Feldenkrais exercises turned Ben-Gurion on his head

I first joined a private Feldenkrais group 20 years ago when the fingers on my right hand became numb due to a problem with the vertebrae in my neck — pretty scary for a journalist.

Fortunately, Devorah Hasdai, one of the star pupils of Moshe Feldenkrais, lived nearby. Feldenkrais was an Israeli physicist who used cybernetics, motor development, biomechanics, psychology and the martial arts to devise no-sweat, mind-body exercises.

Hasdai, now in her 80s, is still teaching.

Feldenkrais was born in Poland in 1904 and came to pre-state Israel alone at the age of 14. In his 20s, he went to Paris to study engineering and earned a doctorate in physics.

It was there that he learned judo and became one of the first Europeans to earn a black belt. He began introducing judo in the West through his teaching and books on the subject.

When World War II broke out, he managed to escape to England where he worked in the anti-submarine branch of the British Admiralty. After the war, he returned to Israel where he became the first director of the electronic department of the defense forces.

It was after suffering a crippling knee injury in a soccer match that Feldenkrais began to develop his renowned method. Using his own body as his laboratory, he began engaging in precisely structured movement explorations that involved thinking, sensing, moving and imagining.

He taught himself to walk again and in the process, developed a system for accessing the power of the central nervous system to improve everyday functioning.

Many of his exercises are based on developmental movements and ordinary functional activities; others on more abstract explorations of joint, muscle and postural relationships. Lessons consist of comfortable, easy movements that gradually evolve into movements of greater range and complexity, which enable greater ease of movement and an increased sense of vitality.

In the early days, many prominent people, including Yehudi Menuhin, Moshe Dayan, David Ben-Gurion and the head of the World Health Organization, urged Feldenkrais to establish an institute for his new method of treatment. In 1958, Ben-Gurion encouraged Feldenkrais "to help raise a new generation in Israel, sturdy in body and healthy in spirit."

Ben-Gurion himself turned to Feldenkrais for help with a recurring back problem. In the 1950s, a photo appeared in a newspaper of the prime minister standing on his head on a beach. The caption: "Moshe put Ben-Gurion on his head, Ben-Gurion put Moshe on his feet."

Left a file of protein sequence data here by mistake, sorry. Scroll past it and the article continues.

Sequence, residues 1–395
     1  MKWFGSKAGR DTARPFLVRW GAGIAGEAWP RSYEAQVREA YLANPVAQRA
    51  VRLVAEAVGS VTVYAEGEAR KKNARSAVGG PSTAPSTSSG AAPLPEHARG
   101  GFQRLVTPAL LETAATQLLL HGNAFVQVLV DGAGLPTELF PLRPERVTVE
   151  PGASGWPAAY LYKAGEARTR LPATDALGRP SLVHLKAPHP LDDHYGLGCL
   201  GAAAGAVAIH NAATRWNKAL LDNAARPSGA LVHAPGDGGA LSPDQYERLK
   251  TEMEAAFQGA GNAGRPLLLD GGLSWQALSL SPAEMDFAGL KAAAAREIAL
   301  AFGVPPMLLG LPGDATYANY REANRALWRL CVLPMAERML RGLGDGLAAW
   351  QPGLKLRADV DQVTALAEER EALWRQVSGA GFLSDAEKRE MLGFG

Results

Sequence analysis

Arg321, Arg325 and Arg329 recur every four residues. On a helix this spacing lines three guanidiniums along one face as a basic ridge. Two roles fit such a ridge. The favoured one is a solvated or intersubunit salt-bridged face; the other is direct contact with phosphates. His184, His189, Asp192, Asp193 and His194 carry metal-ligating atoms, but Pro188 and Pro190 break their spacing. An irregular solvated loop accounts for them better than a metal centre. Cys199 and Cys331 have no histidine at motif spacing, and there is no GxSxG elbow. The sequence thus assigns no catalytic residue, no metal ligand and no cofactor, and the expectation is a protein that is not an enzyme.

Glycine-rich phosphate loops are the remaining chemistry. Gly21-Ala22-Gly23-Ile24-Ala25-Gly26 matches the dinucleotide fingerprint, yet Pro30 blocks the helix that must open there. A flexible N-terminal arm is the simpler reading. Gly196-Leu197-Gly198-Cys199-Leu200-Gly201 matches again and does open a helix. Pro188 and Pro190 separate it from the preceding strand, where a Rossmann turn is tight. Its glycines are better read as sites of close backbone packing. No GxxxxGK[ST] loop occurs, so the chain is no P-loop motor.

Feldenkrais, who died in 1984, taught workshops for several years at Amherst College in Massachusetts and in Berkeley. A Feldenkrais resource center based in Berkeley is a major training and resource center in the United States.

The Feldenkrais method is now offered in almost every health care center in Israel. There are 1,000 Israeli instructors in North America and 3,000 worldwide, with major centers in Europe, South America, Australia and Japan. The first group of Japanese practitioners recently completed that country's first four-year training program.

"Feldenkrais' methods were ahead of their time," said Moti Nativ, head of the National Association of Qualified Teachers in Israel. The method is geared to help those experiencing chronic or acute pain of the back, neck, shoulder, hip, legs or knee caused by stress, misuse, accident or illness. The method also has been used to deal with central nervous system conditions such as multiple sclerosis, cerebral palsy and stroke.

"We work a lot with disabled kids, especially with cerebral palsy and Down's syndrome, and with adolescent scoliosis," said Dr. Eilat Almagor, a neurophysiologist.

Practitioner Anat Baniel works regularly with members of the San Francisco Symphony. Almagor claims that the appeal of the method for people in the creative arts is that the exercises get to the brain through the body.

The idea is that opening up different ways of moving will also free up new ways of thinking and feeling. By using gentle movement and directed attention, musicians, actors and artists hope to extend their abilities and enhance creativity

Most of the exercises are done lying on a mat. "The body is less affected by the pull of gravity," says a trainer at the Feldenkrais Institute in Tel Aviv. Plus, lying on the floor gives information about the body, and makes it easier to break bad habits."

Elizabeth Beringer and David Zemach-Bersin, two of the foremost Israeli teachers, lead the new training programs in California and Montclair, N.J., respectively.

Both Beringer and Zemach-Bersin have worked to turn the Feldenkrais method into a respected profession. Zemach-Bersin has done post-graduate work in physiological psychology at U.C. Berkeley. Beringer, a fifth-degree black belt in aikido dojo, has worked extensively with athletes, dancers and martial artists.

Professional athletes who have turned to Feldenkrais include basketball star Julius Erving and PGA golfers Rick Acton and Duffy Waldorf. Celebrities who have used the method include Norman Cousins, Margaret Mead, Helen Hayes and Whoopi Goldberg.